Los Angeles officials applied for more than $3 million in federal funding to help bring a Community Policing program to Harvard Park, a South L.A. neighborhood scarred by violence. The request has been denied.

The U.S. Department of Justice hasn’t offered the LAPD an explanation of why the department didn’t receive any of the $98 million in grants recently awarded to scores of law enforcement agencies across the nation. A spokesman for the federal agency declined to comment when asked by The Times last week.

But after the Trump administration’s repeated threats to withhold federal money from cities that don’t cooperate with its immigration crackdown, some LAPD officials said they believe the move was retaliatory — and a troubling sign of what could come.

Steve Soboroff, president of the civilian Police Commission that oversees the LAPD, said that he believes the Justice Department denied the funding request because of the LAPD’s well-publicized, hands-off approach to immigration enforcement. Soboroff said he worries future funding may also be at risk.

“Community policing is what policing’s all about. Militaristic policing, immigrant harassment is not,” he said. “By ignoring that, or prioritizing it beneath their issue of sanctuary cities and cooperation with ICE [Immigration and Customs Enforcement] — the priorities are wrong.”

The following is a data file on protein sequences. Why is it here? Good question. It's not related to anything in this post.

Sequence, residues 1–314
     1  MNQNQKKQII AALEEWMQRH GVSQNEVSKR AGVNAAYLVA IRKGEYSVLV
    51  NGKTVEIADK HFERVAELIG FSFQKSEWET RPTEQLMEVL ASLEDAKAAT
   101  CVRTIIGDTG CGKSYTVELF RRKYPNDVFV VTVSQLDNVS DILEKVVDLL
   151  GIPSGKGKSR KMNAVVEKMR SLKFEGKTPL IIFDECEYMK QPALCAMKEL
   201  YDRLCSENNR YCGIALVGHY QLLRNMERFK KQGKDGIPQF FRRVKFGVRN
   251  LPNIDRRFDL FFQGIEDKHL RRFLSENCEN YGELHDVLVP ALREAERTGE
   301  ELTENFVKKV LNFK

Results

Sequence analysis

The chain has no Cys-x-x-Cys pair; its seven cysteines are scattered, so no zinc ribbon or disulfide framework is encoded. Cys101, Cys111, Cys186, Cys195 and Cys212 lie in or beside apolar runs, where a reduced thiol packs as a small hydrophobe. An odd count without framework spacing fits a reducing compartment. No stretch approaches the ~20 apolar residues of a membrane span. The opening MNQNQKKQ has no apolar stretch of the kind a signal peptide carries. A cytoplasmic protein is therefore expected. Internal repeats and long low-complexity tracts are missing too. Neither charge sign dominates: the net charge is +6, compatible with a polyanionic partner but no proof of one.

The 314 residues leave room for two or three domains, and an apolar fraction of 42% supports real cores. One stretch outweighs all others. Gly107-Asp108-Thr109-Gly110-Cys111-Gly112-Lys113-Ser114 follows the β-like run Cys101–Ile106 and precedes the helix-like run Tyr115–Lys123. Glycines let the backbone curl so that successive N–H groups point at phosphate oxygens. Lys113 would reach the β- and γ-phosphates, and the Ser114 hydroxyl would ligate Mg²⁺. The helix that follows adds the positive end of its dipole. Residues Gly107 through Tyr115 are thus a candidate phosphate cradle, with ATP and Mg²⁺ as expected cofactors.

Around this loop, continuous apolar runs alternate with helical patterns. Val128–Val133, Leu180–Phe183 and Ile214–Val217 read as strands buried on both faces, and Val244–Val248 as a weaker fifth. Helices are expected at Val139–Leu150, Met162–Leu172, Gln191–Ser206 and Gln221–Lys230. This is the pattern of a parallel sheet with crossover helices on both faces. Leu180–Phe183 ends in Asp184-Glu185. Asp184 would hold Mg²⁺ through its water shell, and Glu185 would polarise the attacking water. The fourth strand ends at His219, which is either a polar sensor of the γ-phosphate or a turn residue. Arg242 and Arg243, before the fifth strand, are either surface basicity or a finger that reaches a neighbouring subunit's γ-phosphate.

“If this is the tip of the iceberg, we’re going to set back law enforcement and policing and public safety by decades,” he added.

The LAPD had planned to use the money to hire 25 officers for the community policing program in Harvard Park, one of the city’s deadliest neighborhoods. The roughly half-mile area saw eight homicides in 2016, nearly triple the number from the year before. So far this year, six people have been killed.

A spokesman for Mayor Eric Garcetti said that because the city had not received details about the Justice Department’s reasoning, he could not speculate as to why the $3.1-million request for Harvard Park was denied.